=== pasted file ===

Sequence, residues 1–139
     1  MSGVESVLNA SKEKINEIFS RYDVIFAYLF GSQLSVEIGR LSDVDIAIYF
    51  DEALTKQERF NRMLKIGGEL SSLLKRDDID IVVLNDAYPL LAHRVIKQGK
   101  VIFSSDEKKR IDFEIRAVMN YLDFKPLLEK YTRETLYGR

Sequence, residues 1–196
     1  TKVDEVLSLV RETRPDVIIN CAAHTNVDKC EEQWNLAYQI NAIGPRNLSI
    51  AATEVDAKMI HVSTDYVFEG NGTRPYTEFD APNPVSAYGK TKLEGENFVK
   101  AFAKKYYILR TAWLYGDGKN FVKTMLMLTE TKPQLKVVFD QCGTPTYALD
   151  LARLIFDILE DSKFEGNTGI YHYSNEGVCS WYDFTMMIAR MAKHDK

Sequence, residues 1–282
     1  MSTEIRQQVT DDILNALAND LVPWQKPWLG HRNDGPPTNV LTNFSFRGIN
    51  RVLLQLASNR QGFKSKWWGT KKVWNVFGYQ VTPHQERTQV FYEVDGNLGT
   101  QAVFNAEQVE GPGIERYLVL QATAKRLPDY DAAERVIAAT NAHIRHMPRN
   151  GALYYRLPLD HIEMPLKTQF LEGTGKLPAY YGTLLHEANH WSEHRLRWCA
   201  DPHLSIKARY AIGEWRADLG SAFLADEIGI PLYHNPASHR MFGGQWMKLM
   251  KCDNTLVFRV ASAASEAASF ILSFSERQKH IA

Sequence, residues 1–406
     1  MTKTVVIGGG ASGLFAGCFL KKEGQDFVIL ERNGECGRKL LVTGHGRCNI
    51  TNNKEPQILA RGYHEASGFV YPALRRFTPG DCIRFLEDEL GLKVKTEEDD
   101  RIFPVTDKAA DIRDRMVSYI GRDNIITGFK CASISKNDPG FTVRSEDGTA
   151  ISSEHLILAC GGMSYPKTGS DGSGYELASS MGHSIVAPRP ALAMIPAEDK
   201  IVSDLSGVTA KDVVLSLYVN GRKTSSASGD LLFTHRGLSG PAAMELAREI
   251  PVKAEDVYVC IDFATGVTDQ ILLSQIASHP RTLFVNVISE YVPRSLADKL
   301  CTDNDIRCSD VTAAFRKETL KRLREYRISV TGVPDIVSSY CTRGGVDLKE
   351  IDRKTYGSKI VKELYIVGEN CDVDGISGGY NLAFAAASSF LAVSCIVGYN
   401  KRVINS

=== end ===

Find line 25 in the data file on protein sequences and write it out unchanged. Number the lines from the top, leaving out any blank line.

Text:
   351  IDRKTYGSKI VKELYIVGEN CDVDGISGGY NLAFAAASSF LAVSCIVGYN